Mics For Field Work
>Published : 9th January 2004
>I want this mic to complement our AT shotgun mic to get the ambient/wild tracks in stereo. I am thinking of either the Audio Technica 825 or the Beyer Dynamics MCE 82.
>I read a long review of both in Electronic Musician, but wondered if there are any actual users on these forums. I belong to a small multi skilled team, starting to make short films for TV.
Sound man (in training)
>Robert Dunford wrote :
class="style9">>I want this mic to complement our AT shotgun mic to get the >ambient/wild tracks in stereo.
>What AT mic are you using? 4071? 4073? Other?
class="style9">>I am thinking of either the Audio Technica 825 or the Beyer Dynamics >MCE 82.
>Sorry, I'm not familiar with either of these. A good composer/sound designer friend used an 825 to gather ambience for sound design in a couple shows. But that was at pretty close range. He wasn't trying to grab tracks on a set or on location.
>You might want to set up a M-S (mid-side) system...but how do you want to use this?
>We have the AT 4041.
>I work with a small team starting to make short films on miniDV. We were in Spain this summer shooting a short story with a small cast, our sound gear (all last minute stuff!!) was the AT on a homemade mic boom pole and a Sony portable DAT recorder. No windjammer either. We were VERY low budget. You can imagine the problems I had on the exteriors, but with a will and a steady hand I got some fairly decent recordings.
>We have serious plans to make more short films and aim for a more commercial product, so I have offered to set up a small sound department on a minimalist budget. Obviously I need a proper mic boom pole and a good windjammer and I want to replace the recorder with the Fostex FR2. But I feel I need a stereo mic to capture wild tracks. You know, night sounds, raindrops on the roof, all those sounds that seem to come from everywhere in real life.
>So there you have it, any help, advice is most welcome.
Sound recordist (in training)
>Robert Dunford wrote :
class="style9">>We have the AT 4041.
>You might start with the basics before venturing into more elaborate setups.
In other words, forget the stereo microphone for the time being.
You'll need a decent boom pole, microphone mount, wind shield (go for the simple Rycote furry), a portable mixer if possible (with LF filters, proper monitoring etc.) and at least two good mics, a short shotgun (Sennheiser 416, AT 4071 etc) plus a hypercardiod for interiors (AT 4053, AKG 480/63, etc). It's better to start with a smaller package consisting of good quality parts and build up from there.....
>The AT 4041 cardiod mic is not the best choice for your intended purpose.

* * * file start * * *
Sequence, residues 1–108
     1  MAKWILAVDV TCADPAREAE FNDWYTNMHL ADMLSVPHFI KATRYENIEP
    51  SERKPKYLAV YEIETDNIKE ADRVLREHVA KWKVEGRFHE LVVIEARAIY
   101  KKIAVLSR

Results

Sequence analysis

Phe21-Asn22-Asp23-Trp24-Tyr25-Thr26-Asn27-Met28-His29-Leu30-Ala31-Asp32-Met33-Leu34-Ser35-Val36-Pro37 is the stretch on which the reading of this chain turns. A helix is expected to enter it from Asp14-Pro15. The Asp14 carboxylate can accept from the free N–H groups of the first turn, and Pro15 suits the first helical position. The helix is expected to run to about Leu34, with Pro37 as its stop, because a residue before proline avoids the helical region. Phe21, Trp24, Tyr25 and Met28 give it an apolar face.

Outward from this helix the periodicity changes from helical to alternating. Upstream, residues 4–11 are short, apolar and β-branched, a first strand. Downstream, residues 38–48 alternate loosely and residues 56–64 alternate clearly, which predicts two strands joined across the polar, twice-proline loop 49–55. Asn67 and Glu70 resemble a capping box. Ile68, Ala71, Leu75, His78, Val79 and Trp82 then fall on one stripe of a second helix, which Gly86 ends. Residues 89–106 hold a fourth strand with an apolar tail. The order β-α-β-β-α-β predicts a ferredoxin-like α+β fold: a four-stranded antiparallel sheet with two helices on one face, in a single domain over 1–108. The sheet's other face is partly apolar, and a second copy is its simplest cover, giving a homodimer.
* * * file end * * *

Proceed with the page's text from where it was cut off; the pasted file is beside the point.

Sound mixer, etc
class="style9">>But I feel I need a stereo mic to capture wild tracks. You know, night >sounds, raindrops on the roof, all those sounds that seem to come >from everywhere in real life.
>I've used the Crown SASS-P stereo PZM for this, it's very nice.
>Note it's a VERY wide pattern you'll get 'everything' around you.
>First of all, thank you for the advice. On reflection I made an error on the AT we have, it's the 897. Which is probably very suitable for exteriors. But proved a bit of a disaster when we had interiors...stone walls and floors!!!
>I did ask for some serious sound deadening but nothing materialised.
>So the 'hypercardiod' is the best type for interiors, correct?
>I agree about getting the basics right, but still what to do about ambient sounds. I just have this feeling that a lot of them need to be in stereo. You mentioned a mixer, can you point me in the right direction for a cost effective solution?
>I don't want to sound elitist, but you should start out with a decent microphone and until you've got more money forget about the stereo mic thing and just record ambient in mono! Nothing wrong about that!
>Get a used Sennheiser 416 (or a cheaper 415 which is just the same with a different name).
>I don't know how constraint your monetary situation is....the 3 channel sound devices 302 mixer will keep you happy for quite some time - in the US about $1000,00 - check B&H. You can ride levels correctly, set HP filters, it's got a built in limiter, phantom and T-power etc. etc.
>And yes, you're right, shot gun mics and interiors usually don't go well together, that's where the hyper cardiod comes in. I mentioned Audio technica mics, but be aware that the good ones are the 4000 series
>Again, better have just a few but good quality pieces then...
Sound mixer, etc
>Karl Lohninger wrote :
class="style9">>Again, better have just a few but good quality pieces then…
>If you are really serious, get a really good mic -- rather than a mediocre one.
>If you are serious about dialog, get a Schoeps. Often available used -- not cheap, but it is, after all, as important as a lens... not to be scrimped on.
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